According to information in Duesberg papers 4 % of the population is hiv positive obtaining their seropositivity naturally due to perinatal tranmission. This is how, Duesberg explains the Kimberly Bergalis case. Presumably, 4-6 people in a practice of 1000 plus patients of Dr. Acer is merely reflecting this natural occurring phenomena. Perhaps this can be taken into meaningful discussion.
I'm not an expert on the science here, but I recall this case from when it first became news back in the early-90's.
It was very controversial (for a number of reasons, political as well as scientific) and if I'm not mistaken the conclusions reached by those CDC studies have been called into question. This may not be the best example of a phylogentic analysis success story, and I'm not sure those of us on the pro-evo side of he debate should be eager to cite it as such.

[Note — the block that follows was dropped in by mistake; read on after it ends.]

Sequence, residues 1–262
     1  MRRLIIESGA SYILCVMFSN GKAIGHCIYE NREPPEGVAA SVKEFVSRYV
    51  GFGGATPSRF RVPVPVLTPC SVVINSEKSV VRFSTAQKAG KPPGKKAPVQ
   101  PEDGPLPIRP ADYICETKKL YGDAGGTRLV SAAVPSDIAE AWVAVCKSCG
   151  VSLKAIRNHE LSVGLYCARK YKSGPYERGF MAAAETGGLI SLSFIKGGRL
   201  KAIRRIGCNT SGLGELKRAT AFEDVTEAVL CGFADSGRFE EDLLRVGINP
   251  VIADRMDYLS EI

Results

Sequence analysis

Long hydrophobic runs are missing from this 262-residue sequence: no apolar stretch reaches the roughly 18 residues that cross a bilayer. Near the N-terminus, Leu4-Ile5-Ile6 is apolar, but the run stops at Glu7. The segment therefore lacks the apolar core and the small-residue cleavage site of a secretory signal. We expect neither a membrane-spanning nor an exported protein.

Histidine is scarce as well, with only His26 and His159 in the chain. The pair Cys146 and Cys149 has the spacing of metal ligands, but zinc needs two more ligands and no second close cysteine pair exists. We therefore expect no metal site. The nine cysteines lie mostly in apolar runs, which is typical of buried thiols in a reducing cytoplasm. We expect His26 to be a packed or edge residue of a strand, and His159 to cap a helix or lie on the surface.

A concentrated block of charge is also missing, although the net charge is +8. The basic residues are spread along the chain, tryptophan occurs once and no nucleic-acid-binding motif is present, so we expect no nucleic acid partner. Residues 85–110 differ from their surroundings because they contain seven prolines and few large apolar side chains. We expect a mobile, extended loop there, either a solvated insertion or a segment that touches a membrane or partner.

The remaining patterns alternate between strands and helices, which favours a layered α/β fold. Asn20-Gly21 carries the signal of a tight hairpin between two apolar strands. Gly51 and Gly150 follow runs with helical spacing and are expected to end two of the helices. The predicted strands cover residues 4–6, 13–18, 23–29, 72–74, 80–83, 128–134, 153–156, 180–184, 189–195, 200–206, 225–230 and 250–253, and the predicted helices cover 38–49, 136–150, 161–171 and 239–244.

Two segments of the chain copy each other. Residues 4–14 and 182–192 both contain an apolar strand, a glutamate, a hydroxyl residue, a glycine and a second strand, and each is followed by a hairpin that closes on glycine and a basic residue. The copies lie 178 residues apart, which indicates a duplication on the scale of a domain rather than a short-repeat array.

Still, as I said, I'm not an expert, and my memory is a little unclear on the case. Just a red flag...
The controversy surrounding this case was generated by the news media and was probably unfounded (see the link at the end of the entry).
This may not be the best example of a phylogentic analysis success story, and I'm not sure those of us on the pro-evo side of he debate should be eager to cite it as such.
I don't present evidence for the sake of some non-existent debate. This is educational. Those that want to learn may learn. Those that don't, live in ignorance. This is an excellent example for which to teach evolutionary biology.
Duesberg is inconsistent in his claims.